The not-for-profit American Institute for Cancer Research (AICR), noted for its investigation of links between lifestyle and cancer and now in its 30th year, has released a free digital book for cancer patients and survivors, with current, evidence-based advice on managing diet and activity during and after treatment.
The 44-page book, called “CancerResource: Living With Cancer” represents “a completely retooled version of the free information kit that AICR has offered newly diagnosed cancer patients and their families for decades,” the AICR noted in a news release. It’s expected to be especially valuable because it “focuses on the questions that patients tell us they have a hard time finding answers to,” said Alice Bender, a registered dietitian with the AICR. “There’s been a lot of new research on diet and exercise during treatment in the past few years, for example, and CancerResource translates those encouraging findings into useful tips.”
CancerResource begins with an introduction on how to use the guide, and includes these sections:
● During Treatment: Healthy Eating
● During Treatment: Getting and Staying Active
● After Treatment: Healthy Eating
● After Treatment: Getting and Staying Active
● Cancer and Its Treatment: General Information
Its content includes:
● Tips on understanding the diagnosis and finding a healthcare team
● Worksheets with questions patients should ask their healthcare providers about their diagnosis and its treatment
● Ways to use good nutrition and physical activity to help make treatment more tolerable
● How to cope with diet-related side effects and stay active during and after treatment
● Answers to “hot topics” questions about dietary and phytochemical supplements (eg, soy), macrobiotic and vegetarian diets, dietary fiber, and more
● Common cancer terms (in a glossary)
● Useful resources for patients (information about, and links for, the AICR, the National Cancer Institute, American Cancer Society, Healthfinder, MEDLINEplus, and OncoLink)
Besides the main CancerResource book, there are also CancerResource programs focusing on breast, lung, colon, and prostate cancer.
Breast cancer patient Chris Rosenbloom praised the e-book: “AICR’s CancerResource will be a lifeline for those diagnosed with cancer,” she said, “because it helps restore control with balanced information, helps in framing the right questions to ask, and provides resources that are credible. There is so much information on the Internet...both good and bad. AICR has done a wonderful service by providing great information in one easy-to-use resource guide.”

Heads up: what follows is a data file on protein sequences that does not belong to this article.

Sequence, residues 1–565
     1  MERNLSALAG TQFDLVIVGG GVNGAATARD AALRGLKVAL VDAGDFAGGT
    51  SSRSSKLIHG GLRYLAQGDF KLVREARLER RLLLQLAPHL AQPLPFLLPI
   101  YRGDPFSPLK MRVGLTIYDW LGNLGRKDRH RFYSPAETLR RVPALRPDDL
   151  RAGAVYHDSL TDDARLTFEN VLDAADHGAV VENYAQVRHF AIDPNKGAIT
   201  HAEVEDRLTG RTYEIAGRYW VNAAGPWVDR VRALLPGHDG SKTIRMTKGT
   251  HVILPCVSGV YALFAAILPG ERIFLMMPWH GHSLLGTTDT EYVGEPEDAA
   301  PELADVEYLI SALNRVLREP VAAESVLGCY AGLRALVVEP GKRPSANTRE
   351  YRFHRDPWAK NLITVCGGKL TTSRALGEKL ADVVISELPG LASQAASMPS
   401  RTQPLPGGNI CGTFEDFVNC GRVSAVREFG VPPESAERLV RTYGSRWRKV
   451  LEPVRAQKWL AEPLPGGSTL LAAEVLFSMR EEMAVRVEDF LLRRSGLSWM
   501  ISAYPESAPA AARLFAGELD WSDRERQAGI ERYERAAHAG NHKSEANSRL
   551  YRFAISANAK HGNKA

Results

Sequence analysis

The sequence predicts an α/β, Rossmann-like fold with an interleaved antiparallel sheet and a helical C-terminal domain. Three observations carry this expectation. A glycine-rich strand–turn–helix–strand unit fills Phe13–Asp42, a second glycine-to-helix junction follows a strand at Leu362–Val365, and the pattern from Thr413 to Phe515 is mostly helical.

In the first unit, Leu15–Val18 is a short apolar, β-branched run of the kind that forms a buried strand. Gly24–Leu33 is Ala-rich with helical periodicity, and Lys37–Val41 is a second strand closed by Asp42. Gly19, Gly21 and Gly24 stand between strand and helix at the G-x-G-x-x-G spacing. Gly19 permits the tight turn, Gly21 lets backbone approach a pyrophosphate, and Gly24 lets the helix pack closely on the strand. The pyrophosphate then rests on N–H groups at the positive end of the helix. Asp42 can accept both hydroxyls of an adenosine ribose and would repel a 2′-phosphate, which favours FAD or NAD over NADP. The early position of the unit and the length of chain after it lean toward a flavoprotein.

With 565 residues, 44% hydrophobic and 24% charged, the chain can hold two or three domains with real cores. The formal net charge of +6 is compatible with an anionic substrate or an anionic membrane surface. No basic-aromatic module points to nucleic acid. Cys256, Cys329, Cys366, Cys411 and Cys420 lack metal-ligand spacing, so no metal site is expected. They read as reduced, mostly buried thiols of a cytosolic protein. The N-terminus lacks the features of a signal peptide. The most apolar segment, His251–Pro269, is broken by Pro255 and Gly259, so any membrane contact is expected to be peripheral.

The AICR Advisory Committee that developed CancerResource and represents the input of professionals from the physician, nursing, and dietitian communities. It includes Claudio Battaglini, PhD, from the University of North Carolina at Chapel Hill; Mandi Pratt Chapman, MA, of George Washington University Cancer Institute; Lee W. Jones, PhD, from the Duke Center for Cancer Survivorship; Marcelle Kaplan, RN, MS, AOCN, CBCN, from the Oncology Nursing Society; Francis Keefe, PhD, of Duke University Medical Center; Jeffrey A. Meyerhardt, MD, MPH, from Dana-Farber Cancer Institute; Lidia Schapira, MD, of Massachusetts General Hospital; and Cheri Van Patten, RD, MSC, of the BC Cancer Agency, Vancouver, British Columbia, Canada.
Advisory Committee member Dr. Lee Jones commented that CancerResource is a great tool for healthcare providers as well as patients and survivors, calling it “a comprehensive ‘must-read’ guide that provides invaluable information to oncology professionals, patients, and their families to help patients cope and recover from a cancer diagnosis.”
CancerResource can be read in its entirety as an online flipbook, or in selected sections on the AICR website.
Single free printed copies of CancerResource can be obtained by calling AICR at 1-800-843-8114, Monday through Friday, 9:00 AM to 5:00 PM Eastern Standard Time.
Besides CancerResource, the AICR offers a wide variety of free brochures.
(with some available in Spanish) about healthy eating and lifestyles, as well as a separate special brochure just on resources, called “Cancer Information: Where to Find Help.”